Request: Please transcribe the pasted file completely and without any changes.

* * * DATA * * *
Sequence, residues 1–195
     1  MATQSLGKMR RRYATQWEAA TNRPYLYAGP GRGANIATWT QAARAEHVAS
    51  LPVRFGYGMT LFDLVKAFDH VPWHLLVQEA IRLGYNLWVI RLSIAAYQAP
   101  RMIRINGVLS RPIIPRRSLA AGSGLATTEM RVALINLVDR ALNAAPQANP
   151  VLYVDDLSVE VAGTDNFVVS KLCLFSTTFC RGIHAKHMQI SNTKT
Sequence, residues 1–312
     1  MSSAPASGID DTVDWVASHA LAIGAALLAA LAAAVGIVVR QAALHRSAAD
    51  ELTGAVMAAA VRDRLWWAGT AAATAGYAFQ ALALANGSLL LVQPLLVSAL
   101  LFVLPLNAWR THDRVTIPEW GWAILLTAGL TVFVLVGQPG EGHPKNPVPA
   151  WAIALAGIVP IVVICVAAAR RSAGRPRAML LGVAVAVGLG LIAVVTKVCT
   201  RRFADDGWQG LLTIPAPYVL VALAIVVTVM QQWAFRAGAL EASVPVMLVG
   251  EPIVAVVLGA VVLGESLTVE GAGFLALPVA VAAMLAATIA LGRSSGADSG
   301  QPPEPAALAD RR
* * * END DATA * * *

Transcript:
Sequence, residues 1–195
     1  MATQSLGKMR RRYATQWEAA TNRPYLYAGP GRGANIATWT QAARAEHVAS
    51  LPVRFGYGMT LFDLVKAFDH VPWHLLVQEA IRLGYNLWVI RLSIAAYQAP
   101  RMIRINGVLS RPIIPRRSLA AGSGLATTEM RVALINLVDR ALNAAPQANP
   151  VLYVDDLSVE VAGTDNFVVS KLCLFSTTFC RGIHAKHMQI SNTKT
Sequence, residues 1–312
     1  MSSAPASGID DTVDWVASHA LAIGAALLAA LAAAVGIVVR QAALHRSAAD
    51  ELTGAVMAAA VRDRLWWAGT AAATAGYAFQ ALALANGSLL LVQPLLVSAL
   101  LFVLPLNAWR THDRVTIPEW GWAILLTAGL TVFVLVGQPG EGHPKNPVPA
   151  WAIALAGIVP IVVICVAAAR RSAGRPRAML LGVAVAVGLG LIAVVTKVCT
   201  RRFADDGWQG LLTIPAPYVL VALAIVVTVM QQWAFRAGAL EASVPVMLVG
   251  EPIVAVVLGA VVLGESLTVE GAGFLALPVA VAAMLAATIA LGRSSGADSG
   301  QPPEPAALAD RR